I know this is a guess, but in my experience it seems like 95% of lawyers, especially the ones who end up on billboards and commercials, are just pencil pushers. Once their cases get to tough they refer them out to a real lawyer to finish the courtroom stuff for them. Most attorneys talk a big talk in their consult with potential clients about how good they are, but when push comes to shove and they have to actually prove it to you in a courtroom with you watching, their peers (opposing lawyers on the other side of your case) and in front of a judge and jury- they simply freak out and completely drop the ball or settle for less than you should ever take just to avoid the scary courtroom.
Don’t mistakenly hire a pencil pusher. Hire a bicycle accident lawyer who thrives in the courtroom. One simple question to help catch them off guard is ask them when is the last time they were in court? What was it about? What kind of hearing was it? What was the argument they proposed and made to the judge? How did it turn out? These simple questions will help you find out if they are pencil pushers or not. Their hesitation or odd answers are a dead give away that they are likely misleading you on their courtroom abilities and experience.
We are courtroom lawyers, sometimes even going multiple times per week to court. We file lawsuits, we don’t just write a few meaningless settlement letters and sell our clients on how good the settlement is- we prove it to our clients.
3) Do You Recognize Them from a Billboard or Commercial?
Yes I said that right, do you actually recognize them from a billboard or a TV commercial? Why is this even a thing? Well, it sounds harsh but those lawyers out there spending hundreds of thousands of dollars per year (for some they spend that per month) just to recruit new clients may be struggling to get their current and past clients to even refer to them… Yep, what if your lawyer was so good and you were so impressed that you happily sent business to him/or her? See how powerful that is? I’m not saying that everyone who advertises in our line of work is a horrible lawyer. What I am saying is that it is a bit suspect since advertising is NOT cheap and it begs the question as to why they have to advertise in the first place? Is their reputation with their own clients so bad that they have to find an alternative source to finding clients? Possibly. I’m one of those guys who avoids, in fact runs away from any professional I see on a billboard. I’d much rather consult a trusted friend and get their opinion as to whom I should see or NOT see based on their experience.
Not all lawyers who advertise are bad. But like I said, I personally run away from any professional on a billboard or TV commercial. A good old fashioned referral has always proved to be much better much more often. Just sayin’.
These are just 3 of the many things to look out for when you hire a bicycle accident lawyer. Call my office up and we can chat over the phone sometime about all the other million things to look out for like attorney billable hour quotas, bonus structures, professional reputation among peers, and so much more!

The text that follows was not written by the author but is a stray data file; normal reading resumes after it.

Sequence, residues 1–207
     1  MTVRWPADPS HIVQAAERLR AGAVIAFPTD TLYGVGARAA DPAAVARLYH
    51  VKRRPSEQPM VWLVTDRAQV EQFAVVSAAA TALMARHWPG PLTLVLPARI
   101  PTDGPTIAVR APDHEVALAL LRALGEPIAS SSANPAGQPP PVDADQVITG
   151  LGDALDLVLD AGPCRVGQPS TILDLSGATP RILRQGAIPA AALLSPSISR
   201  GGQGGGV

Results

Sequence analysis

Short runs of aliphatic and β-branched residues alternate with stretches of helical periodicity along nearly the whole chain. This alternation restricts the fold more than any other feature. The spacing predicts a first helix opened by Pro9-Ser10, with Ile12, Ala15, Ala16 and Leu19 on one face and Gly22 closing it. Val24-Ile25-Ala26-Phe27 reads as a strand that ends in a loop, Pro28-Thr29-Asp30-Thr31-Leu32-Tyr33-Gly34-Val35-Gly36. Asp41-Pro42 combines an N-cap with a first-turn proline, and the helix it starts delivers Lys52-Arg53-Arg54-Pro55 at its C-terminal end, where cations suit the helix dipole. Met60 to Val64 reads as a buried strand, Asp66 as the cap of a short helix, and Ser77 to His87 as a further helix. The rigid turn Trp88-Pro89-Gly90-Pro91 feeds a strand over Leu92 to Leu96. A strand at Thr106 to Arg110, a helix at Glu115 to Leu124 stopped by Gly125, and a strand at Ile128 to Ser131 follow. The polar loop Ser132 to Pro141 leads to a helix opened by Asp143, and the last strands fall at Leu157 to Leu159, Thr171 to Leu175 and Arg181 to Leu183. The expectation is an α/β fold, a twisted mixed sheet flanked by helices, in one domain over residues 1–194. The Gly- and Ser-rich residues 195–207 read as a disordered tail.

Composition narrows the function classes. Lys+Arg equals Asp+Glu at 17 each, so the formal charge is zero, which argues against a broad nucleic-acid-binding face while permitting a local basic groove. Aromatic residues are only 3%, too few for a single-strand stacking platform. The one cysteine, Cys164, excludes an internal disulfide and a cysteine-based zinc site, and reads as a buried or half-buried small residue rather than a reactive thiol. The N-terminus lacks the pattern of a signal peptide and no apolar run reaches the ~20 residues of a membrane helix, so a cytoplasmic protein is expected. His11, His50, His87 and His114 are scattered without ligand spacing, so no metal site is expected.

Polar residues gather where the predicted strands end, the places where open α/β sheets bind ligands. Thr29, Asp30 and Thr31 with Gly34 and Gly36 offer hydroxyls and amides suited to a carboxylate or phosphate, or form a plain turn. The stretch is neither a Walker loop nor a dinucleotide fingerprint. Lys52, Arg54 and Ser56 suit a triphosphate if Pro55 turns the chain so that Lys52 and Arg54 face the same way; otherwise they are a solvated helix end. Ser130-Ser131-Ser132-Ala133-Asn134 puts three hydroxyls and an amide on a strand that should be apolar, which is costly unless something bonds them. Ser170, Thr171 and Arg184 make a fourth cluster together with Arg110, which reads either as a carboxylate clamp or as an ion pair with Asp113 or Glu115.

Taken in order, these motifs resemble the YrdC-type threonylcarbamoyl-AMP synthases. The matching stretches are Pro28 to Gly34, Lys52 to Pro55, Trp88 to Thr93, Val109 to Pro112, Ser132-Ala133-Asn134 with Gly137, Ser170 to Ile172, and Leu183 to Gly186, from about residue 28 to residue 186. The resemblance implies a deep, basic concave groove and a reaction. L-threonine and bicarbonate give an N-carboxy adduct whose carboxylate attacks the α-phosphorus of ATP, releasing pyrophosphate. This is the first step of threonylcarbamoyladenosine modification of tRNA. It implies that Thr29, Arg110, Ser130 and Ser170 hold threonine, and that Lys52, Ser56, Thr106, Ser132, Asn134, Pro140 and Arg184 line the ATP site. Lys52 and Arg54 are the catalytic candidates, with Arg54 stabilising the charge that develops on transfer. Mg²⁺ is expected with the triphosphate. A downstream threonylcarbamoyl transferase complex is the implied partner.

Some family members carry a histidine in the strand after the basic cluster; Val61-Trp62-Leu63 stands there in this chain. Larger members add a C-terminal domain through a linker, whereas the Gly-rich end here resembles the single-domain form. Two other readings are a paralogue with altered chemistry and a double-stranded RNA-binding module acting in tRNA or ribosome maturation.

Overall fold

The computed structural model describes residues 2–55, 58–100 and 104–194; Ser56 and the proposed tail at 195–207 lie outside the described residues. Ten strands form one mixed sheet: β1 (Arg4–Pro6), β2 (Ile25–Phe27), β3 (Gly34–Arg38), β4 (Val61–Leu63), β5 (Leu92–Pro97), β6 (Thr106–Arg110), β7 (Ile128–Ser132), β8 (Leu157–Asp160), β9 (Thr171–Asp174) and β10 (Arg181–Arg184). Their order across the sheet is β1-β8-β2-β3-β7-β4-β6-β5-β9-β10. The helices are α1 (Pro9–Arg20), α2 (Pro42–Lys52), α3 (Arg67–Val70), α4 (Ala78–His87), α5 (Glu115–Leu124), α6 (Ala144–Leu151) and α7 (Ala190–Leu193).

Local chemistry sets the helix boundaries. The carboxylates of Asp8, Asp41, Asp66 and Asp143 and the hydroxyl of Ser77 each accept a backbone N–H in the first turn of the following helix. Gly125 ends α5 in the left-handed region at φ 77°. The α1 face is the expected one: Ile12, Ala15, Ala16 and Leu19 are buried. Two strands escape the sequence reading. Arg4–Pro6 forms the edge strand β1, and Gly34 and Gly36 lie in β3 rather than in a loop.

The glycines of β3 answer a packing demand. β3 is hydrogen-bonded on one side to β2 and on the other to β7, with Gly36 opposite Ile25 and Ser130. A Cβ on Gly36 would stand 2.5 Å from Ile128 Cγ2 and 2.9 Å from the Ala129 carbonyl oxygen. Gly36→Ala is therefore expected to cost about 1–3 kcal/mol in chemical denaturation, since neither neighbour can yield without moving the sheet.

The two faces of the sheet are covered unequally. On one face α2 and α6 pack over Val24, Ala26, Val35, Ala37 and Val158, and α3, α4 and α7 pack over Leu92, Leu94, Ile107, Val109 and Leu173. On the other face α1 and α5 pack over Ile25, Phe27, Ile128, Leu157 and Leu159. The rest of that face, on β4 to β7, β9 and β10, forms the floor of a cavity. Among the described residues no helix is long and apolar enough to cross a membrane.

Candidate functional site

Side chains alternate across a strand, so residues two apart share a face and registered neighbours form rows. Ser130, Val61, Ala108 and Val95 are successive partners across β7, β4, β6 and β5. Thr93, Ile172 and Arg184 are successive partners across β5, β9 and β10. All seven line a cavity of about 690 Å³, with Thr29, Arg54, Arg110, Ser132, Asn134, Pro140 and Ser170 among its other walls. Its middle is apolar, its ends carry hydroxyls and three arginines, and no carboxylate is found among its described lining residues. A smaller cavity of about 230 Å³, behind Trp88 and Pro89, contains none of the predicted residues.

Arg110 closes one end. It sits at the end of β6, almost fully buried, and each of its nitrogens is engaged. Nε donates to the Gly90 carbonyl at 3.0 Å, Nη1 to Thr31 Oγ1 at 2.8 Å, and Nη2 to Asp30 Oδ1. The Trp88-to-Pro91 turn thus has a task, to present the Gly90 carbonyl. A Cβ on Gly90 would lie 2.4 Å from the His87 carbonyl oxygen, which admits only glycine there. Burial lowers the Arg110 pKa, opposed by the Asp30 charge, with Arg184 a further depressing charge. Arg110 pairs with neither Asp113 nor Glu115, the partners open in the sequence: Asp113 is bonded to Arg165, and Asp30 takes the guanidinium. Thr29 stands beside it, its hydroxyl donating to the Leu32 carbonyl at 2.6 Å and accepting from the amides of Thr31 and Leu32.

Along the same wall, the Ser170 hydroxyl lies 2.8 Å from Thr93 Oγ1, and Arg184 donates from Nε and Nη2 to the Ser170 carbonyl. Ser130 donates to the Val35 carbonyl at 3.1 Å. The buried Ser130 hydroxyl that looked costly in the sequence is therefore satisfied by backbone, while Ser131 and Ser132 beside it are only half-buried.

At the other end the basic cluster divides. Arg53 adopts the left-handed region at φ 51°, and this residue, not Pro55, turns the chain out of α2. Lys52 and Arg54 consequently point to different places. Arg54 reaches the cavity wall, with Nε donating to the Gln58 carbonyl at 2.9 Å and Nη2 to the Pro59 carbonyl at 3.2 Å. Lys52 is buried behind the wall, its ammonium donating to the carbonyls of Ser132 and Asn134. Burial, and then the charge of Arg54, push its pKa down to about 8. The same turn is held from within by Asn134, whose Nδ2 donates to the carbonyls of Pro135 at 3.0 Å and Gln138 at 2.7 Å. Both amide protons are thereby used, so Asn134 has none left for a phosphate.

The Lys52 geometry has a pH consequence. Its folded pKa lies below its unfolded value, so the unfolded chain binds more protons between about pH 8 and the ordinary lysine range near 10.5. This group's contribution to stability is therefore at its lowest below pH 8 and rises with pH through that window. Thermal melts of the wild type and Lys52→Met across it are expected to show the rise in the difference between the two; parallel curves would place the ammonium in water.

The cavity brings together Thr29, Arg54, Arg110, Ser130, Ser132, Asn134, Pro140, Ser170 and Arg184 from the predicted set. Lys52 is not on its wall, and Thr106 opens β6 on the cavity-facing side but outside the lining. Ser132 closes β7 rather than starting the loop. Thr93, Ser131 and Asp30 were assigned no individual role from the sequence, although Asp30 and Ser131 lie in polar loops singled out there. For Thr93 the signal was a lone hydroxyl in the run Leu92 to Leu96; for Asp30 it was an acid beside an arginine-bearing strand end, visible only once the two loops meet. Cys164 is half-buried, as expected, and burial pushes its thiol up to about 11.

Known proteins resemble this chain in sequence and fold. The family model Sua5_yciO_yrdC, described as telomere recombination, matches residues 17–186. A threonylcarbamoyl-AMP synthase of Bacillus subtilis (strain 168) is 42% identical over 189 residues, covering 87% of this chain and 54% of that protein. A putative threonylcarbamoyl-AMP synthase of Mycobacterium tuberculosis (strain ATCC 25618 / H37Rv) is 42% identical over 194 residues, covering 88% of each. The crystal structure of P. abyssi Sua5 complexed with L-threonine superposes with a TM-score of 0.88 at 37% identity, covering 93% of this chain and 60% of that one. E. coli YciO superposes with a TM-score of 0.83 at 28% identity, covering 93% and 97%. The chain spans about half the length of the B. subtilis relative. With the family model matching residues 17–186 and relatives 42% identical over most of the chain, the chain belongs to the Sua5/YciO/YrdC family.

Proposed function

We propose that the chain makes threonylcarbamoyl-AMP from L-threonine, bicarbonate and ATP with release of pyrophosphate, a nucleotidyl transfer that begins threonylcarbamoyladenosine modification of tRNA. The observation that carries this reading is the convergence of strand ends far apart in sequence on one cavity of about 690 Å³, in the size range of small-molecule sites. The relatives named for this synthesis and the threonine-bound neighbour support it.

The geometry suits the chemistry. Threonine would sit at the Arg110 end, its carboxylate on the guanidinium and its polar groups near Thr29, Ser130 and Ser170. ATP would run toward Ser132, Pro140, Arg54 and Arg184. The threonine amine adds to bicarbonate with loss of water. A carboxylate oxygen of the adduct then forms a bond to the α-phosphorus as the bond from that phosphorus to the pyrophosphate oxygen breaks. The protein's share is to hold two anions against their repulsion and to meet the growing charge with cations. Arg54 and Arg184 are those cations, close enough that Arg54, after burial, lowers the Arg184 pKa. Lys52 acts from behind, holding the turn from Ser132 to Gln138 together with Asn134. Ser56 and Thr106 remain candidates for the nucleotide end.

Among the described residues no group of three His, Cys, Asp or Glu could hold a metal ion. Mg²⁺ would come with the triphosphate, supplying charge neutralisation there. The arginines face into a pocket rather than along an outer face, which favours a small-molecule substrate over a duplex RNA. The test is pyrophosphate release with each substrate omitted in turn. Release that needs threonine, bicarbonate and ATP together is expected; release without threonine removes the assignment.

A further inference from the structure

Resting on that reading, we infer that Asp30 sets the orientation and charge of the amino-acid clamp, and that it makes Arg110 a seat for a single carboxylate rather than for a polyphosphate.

We are here for you. We got your back. We protect our own like you’re a member of our tribe. Good luck. Be safe out there and keep the rubber side down.
Contact Ben Dodge and let the lawyers in the Bike Accident Attorneys National Network help you. We will assist you in your case and/or find someone for you in your state that we can trust and recommend. We have your back. We are here for you.
(Wisconsin State Flag)
WISCONSIN BICYCLE ACCIDENT STATISTICS
Percentage of Total Traffic Fatalities
Pedalcyclist Fatalities per Million Population
WISCONSIN BICYCLE STATUTES
The bicycle is defined as a vehicle. [340.01(5)]
The operator of a vehicle is granted the same rights and subject to the same duties as the driver of any other vehicle. [346.02(4)(a)]
Always ride on the right, in the same direction as other traffic. [346.80(2)(a)]
Ride as far to the right as is practicable (not as far right as possible) [346.80(2)(a)]. Practicable generally means safe and reasonable.
Article 346.80(2)(a) lists a few situations when it is not practicable to ride far to the right:
- When overtaking and passing another vehicle traveling in the same direction
- When preparing for a left turn at an inter-section or driveway
- When reasonably necessary to avoid unsafe conditions, including fixed or moving objects, parked or moving vehicles, pedestrians, animals, surface hazards or substandard width lanes [defined as a lane that is too narrow for a bicycle and a motor vehicle to travel safely side by side within the lane].
- When going the same speed as motorized traffic
One Way Streets
Bicyclists on a one-way street with two or more lanes of traffic may ride as near the left or right-hand edge or curb of the roadway as practicable (in the same direction as other traffic). [346.80(2)(b)]
Bike Lanes and Use of Shoulders
(12) Driving on bicycle lane or bicycle way. No operator of a motor vehicle may drive upon a bicycle lane or bicycle way except to enter a driveway, to merge into a bicycle lane before turning at an intersection, or to enter or leave a parking space located adjacent to the bicycle lane or bicycle way. Persons operating a motor vehicle upon a bicycle lane or bicycle way shall yield the right-of-way to all bicycles and electric personal assistive mobility devices within the bicycle lane